Spearhead-Home Start
         

        Welcome to the Archives

    big collection of articles, interviews ...

FAQ Log in
Search Profile
Memberlist Usergroups
Log in to check your private messages
Register
2020-09-23 RS - Kendrick Lamar's Hip-Hop Game Changer ...
 

Post new topic   Reply to topic    spearhead-home.com Forum Index -> Articles
View previous topic :: View next topic  
Author Message
joerg
Site Admin


Joined: 19 Apr 2005
Posts: 3166
Location: Berlin/DE/EU

PostPosted: Sat Sep 26, 2020 11:53    Post subject: 2020-09-23 RS - Kendrick Lamar's Hip-Hop Game Changer ...

Taken from Rolling Stone (Sep 23, 2020)

Rolling Stone 500: Kendrick Lamar's Hip-Hop Game Changer 'To Pimp a Butterfly'

How a trip to South Africa and a crew of jazz, soul, and funk all-stars played into the MC's landmark 2015 LP

by Elias Leight


Kendrick Lamar. Josh Brasted/WireImage/Getty Images
Read how a trip to South Africa inspired Kendrick Lamar's momentous third LP 'To Pimp a Butterfly'. Josh Brasted/WireImage/Getty Images


As part of our newly updated survey of the 500 Greatest Albums of All Time, we're publishing a series of pieces on the making of key albums from the list. Kendrick Lamar's To Pimp a Butterfly came in at number 19.


The first time the Parliament-Funkadelic legend George Clinton heard the rising Compton rapper Kendrick Lamar, he was underwhelmed. "I knew 'Bitch Don't Kill My Vibe' and thought it sounded silly as hell," the funkateer recalled.


But Clinton agreed to meet with Lamar while the rapper was working on his second major-label album, and the veteran's opinion changed immediately. "The conversations we had reminded me of myself in '68 and '69; he had that same kind of enthusiasm about social issues and the world," Clinton explained. "He captured my mind right away. ... I said, 'If you writing songs about that shit, and you're already popular, you're gonna be the one!'"


Clinton wasn't wrong: Lamar's To Pimp a Butterfly, which came out in 2015, is a music-industry unicorn - not only one of the most critically acclaimed releases of the last decade, but a million-seller, an album that earned the admiration of President Barack Obama, while also offering an anthem to protesters in the street.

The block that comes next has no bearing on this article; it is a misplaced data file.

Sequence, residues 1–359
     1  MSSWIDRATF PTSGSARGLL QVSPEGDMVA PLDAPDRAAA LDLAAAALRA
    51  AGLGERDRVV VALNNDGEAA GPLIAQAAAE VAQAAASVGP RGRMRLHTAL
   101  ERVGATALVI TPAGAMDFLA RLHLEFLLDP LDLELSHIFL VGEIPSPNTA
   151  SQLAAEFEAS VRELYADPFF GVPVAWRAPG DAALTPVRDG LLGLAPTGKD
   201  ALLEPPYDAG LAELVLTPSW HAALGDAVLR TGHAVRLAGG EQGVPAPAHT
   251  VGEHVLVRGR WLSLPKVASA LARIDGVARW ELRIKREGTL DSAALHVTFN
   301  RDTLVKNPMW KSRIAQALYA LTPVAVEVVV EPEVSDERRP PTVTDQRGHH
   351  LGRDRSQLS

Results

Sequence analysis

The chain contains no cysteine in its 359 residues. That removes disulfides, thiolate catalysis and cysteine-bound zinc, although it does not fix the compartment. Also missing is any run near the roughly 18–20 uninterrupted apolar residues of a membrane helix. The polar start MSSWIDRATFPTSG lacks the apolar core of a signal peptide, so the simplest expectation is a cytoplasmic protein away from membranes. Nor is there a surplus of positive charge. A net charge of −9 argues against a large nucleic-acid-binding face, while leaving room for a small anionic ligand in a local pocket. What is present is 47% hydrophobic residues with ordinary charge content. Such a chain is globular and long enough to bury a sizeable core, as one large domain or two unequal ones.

"That record changed music, and we're still seeing the effects of it," declared Kamasi Washington, who contributed saxophone and string arrangements. "It meant that intellectually stimulating music doesn't have to be underground. It can be mainstream."


The initial jolt of inspiration for To Pimp a Butterfly came while Lamar was visiting South Africa, a trip that included a visit to Robben Island, where Nelson Mandela was in prison for 18 years. "I felt like I belonged in Africa," Lamar said. "I saw all the things that I wasn't taught. Probably one of the hardest things to do is put [together] a concept on how beautiful a place can be, and tell a person this while they're still in the ghettos of Compton. I wanted to put that experience in the music." Lamar had already recorded some material for a second album, but he scrapped it.


Accomplishing his new vision required a murderers' row of collaborators, not just Lamar's regular accomplices - including the producers and instrumentalists Terrace Martin and Sounwave - but luminaries from soul (Ron Isley, Lalah Hathaway), funk (Clinton), and hip-hop (Dr. Dre, Pharrell Williams, Pete Rock, Snoop Dogg). In addition, Lamar leaned on a crew of musical polymaths who move easily between genres, including Washington on saxophone, Robert Glasper on keyboards, Thundercat on bass, and Bilal on backing vocals.


Lamar sparked, shaped, and synthesized songs all at once. "He can instantly write a song that's dope as hell," Washington explained, "but then spend the time to meticulously work it out and make it perfect." "King Kunta" started as "the jazziest thing ever with pretty flutes," according to Sounwave, until Lamar instructed the producer to "make it nasty." Lamar caught Thundercat playing an unreleased track from the L.A. underground hip-hop act Sa-Ra; the rapper liked it so much he called up Sa-Ra's Taz Arnold, who went on to help produce three To Pimp a Butterfly tracks.


Time was no object - Lamar sat with Pharrell's beat for "Alright" for six months before transforming it into a mantra of persistence that the men and women protesting police brutality turned into an anthem in 2015. Lamar also nursed the beat to "The Blacker the Berry"; when Mike Brown was murdered, the rapper pivoted to address the killing in his lyrics.


When To Pimp a Butterfly finally came out, "it went beyond everything else ... harmonically, instrumentation-wise, structurally, lyrically," Washington said. "I feel like people's expectations of themselves changed, too. It just didn't change the music. It changed the audience."




_________________
... any % of U is as good as the whole pie ...
Joerg
Back to top
Display posts from previous:   
View previous topic :: View next topic  
Post new topic   Reply to topic    spearhead-home.com Forum Index -> Articles All times are GMT + 1 Hour
Page 1 of 1

 
Jump to:  
You cannot post new topics in this forum
You cannot reply to topics in this forum
You cannot edit your posts in this forum
You cannot delete your posts in this forum
You cannot vote in polls in this forum

Protected by Anti-Spam ACP


Home News Blogs Favorites Playlists Archives Links Guestbook Contact

www.spearhead-home.com
www.jtrumpfheller.com

   © 2011 - SpacePower Productions freecounterstat